Albert Einstein passed away on April 18, 1955, at the age of 76 years. He was the most influential physicist of all time. To remember him adequately, well talk about his life in this article, from just a little boy & clerk to the time he changed physics as we know it and his eventual death.
Albert Einstein, son of Hermann Einstein (His father), a salesman and engineer, and Pauline Einstein (His mother), was born on March 14th in Ulm, Germany. Not long after his birth, his family moved to Munich, where young Albert Einstein, learned how to play the violin and the piano (due to his mother’s background). Music was so important to him he once said “If I were not a physicist, I would be a musician. I often think in music, I live my daydreams in music, I see my life in terms of music… I get the most joy in life out of music”.
Albert Einstein spent his teenage years in Munich, having decent grades, but by no means outstanding. He did have, however, remarkable success in mathematics. He enjoyed it so much his father got him a tutor to teach him. In less than a year, though, “his genius was so high I could not follow”, as was later said by the tutor. It’s thought that by the age of 14 Albert Einstein had already mastered integral and differential calculus.
Italy and University
His devotion to the sciences was noted in his admission tests at the Swiss Federal Polytechnic, in Zurich, Switzerland (his family had moved to Milan, Italy, a city relatively close to Zurich, due to financial problems).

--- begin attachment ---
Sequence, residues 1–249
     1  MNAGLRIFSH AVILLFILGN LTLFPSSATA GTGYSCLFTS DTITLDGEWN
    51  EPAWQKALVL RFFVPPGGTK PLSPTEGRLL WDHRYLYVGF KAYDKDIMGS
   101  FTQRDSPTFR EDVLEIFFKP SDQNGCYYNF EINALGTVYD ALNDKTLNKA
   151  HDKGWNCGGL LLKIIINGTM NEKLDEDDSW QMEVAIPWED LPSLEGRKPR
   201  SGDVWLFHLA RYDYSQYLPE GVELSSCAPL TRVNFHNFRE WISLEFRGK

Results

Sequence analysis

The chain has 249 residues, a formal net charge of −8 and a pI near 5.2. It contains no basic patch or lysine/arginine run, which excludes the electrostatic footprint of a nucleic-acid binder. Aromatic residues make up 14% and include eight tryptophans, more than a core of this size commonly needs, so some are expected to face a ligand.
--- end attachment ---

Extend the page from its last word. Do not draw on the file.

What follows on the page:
He had the highest grades in math and physics but failed in everything else. He spent the following year learning his lacking knowledge in these disciplines, under the guard of Jost Winteler, a professor at the University, and his family. During this year he also met with his first love, Marie Winteler (his professor’s daughter), and renounce German citizenship, to skip compulsory military training.
In the next year, he passed his university exams, although barely passing in Greek and Latin. Here he meets his future first wife, Mileva Maric, the only girl in his class, and one of its top students. Also, in university Einstein rarely frequented classes, preferring to learn the subjects alone in his room. This caused his teachers to alienate him, and it made it very difficult for Einstein to find a job as a professor when he got out of University.
Due to this difficulty caused by his teachers he went on working as a clerk in the Swiss Patent Office for Intellectual Property in 1901. It was common for Einstein to work on physics, such as writing his thesis for his doctorate, while working at the desk.
In 1905 he finished his thesis and received his PhD. from the Zurich University. During this year he also published 4 articles. The subjects of each article were –
- Photoelectric effect (He would later receive a Nobel Prize in 1921 for this)
- Brownian motion
- Special Relativity
- Equivalence of mass and energy (In this article/research paper, he would first write E=mc2, which laid the groundwork for nuclear physics)